SanDisk Corp. v. ST Microelectronics, Inc. 480 F.3d 1372 (Fed. Cir. 2007)

In a case in which a competitor sought a declaratory judgment of non-infringement and invalidity against a patent holder, the Federal Circuit held that a patent holder’s promise not to sue for infringement does not eliminate a justiciable controversy.

In this case, the patent holder, ST, and the declaratory judgment plaintiff, SanDisk, were both in the market for flash memory storage products. During license agreement negotiations, ST expressed the need for SanDisk to license certain patents it alleged SanDisk infringed and provided SanDisk with a detailed infringement analysis of SanDisk’s products. Nevertheless, ST told SanDisk that it had no plan to sue for infringement. Subsequently, SanDisk sought a declaratory judgment of noninfringement and invalidity of the ST patents that had been the subject of those negotiations.

The District Court granted ST’s motion to dismiss, finding that no actual controversy existed because SanDisk did not have an objectively reasonable apprehension of suit. The Federal Circuit, however, disagreed.

The test the court had traditionally applied for determining whether an actual case or controversy existed for declaratory judgment jurisdiction considers whether 1) conduct by the patentee creates a reasonable apprehension on the part of the declaratory judgment plaintiff that it will face an infringement suit; and 2) conduct by the declaratory judgment plaintiff amounts to infringing activity or demonstrates concrete steps taken with the intent to engage in infringing activity. In the U.S. Supreme Court’s recent holding in MedImmune, Inc. v. Genentech, Inc., the Court rejected the “reasonable apprehension of suit” prong of this traditional test. Instead, the Court held that when parties take adverse positions regarding their obligations, each side claiming a specific right, they create a controversy for declaratory judgment purposes even if neither side indicated it would file suit.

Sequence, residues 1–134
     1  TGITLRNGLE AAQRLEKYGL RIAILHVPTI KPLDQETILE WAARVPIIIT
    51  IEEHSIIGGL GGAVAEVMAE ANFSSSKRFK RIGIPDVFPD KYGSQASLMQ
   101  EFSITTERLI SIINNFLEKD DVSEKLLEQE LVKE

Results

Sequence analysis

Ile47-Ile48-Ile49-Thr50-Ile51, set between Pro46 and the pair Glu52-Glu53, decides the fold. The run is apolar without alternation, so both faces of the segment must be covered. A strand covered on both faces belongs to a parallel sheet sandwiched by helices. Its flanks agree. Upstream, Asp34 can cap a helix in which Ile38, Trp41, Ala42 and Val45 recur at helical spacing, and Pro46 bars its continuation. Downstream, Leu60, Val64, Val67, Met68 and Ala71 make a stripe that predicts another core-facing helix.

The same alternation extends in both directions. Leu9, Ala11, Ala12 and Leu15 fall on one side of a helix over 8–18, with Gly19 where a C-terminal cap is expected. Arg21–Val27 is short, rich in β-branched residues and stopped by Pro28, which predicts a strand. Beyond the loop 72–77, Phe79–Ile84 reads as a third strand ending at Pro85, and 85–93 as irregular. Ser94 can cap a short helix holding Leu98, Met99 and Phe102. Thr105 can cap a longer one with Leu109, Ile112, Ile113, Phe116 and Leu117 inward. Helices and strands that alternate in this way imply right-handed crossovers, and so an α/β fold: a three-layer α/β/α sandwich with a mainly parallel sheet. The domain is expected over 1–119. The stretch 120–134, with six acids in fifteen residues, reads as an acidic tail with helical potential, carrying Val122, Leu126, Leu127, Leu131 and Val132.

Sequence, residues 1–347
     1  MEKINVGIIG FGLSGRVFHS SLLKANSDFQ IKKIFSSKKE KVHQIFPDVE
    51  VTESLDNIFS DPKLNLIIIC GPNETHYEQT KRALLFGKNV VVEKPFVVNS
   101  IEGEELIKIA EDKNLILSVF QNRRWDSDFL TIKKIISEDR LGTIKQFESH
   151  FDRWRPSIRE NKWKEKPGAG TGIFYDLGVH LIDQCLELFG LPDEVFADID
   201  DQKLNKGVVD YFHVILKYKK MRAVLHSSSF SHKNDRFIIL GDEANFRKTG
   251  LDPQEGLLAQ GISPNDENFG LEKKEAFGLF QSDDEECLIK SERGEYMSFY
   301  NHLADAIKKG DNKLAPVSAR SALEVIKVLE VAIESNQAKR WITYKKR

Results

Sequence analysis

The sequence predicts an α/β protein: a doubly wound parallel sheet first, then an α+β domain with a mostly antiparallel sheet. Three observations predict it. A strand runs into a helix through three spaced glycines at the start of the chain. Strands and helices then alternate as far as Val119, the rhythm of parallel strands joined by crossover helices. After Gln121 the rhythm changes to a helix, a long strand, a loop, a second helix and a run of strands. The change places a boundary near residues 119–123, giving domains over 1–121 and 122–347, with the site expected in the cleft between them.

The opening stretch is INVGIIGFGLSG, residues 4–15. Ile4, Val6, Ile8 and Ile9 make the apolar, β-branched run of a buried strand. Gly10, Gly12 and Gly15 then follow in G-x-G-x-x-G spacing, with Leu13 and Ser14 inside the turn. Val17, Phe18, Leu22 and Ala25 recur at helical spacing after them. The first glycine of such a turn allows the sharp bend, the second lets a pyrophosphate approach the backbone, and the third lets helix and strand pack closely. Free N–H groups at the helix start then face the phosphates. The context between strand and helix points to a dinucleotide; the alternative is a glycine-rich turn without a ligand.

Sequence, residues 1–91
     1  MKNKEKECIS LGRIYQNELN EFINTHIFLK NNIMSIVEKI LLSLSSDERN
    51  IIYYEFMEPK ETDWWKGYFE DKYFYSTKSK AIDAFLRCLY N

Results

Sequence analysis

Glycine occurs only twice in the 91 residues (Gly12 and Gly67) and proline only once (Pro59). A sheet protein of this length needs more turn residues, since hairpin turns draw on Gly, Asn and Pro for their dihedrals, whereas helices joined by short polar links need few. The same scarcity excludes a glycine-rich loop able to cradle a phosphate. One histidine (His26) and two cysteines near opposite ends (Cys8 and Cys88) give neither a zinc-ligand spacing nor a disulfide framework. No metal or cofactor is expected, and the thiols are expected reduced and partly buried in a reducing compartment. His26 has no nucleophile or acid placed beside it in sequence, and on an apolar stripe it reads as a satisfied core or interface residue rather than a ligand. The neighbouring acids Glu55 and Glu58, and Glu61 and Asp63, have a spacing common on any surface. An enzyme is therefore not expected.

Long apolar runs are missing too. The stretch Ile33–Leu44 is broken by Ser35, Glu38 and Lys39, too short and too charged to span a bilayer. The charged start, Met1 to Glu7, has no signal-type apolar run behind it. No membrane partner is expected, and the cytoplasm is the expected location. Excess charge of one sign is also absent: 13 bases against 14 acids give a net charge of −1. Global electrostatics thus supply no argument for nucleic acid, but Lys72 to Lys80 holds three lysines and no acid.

Applying MedImmune, the Federal Circuit held that an actual controversy exists for the purpose of declaratory judgment jurisdiction “where the patentee takes a position that puts the declaratory judgment plaintiff in the position of either pursuing arguably illegal behavior or abandoning that which he claims a right to do.” The court held that SanDisk established a case or controversy for declaratory judgment jurisdiction when it maintained that it would continue its course of conduct, without paying royalties, despite ST’s claims of infringement. As a result, the court vacated the dismissal.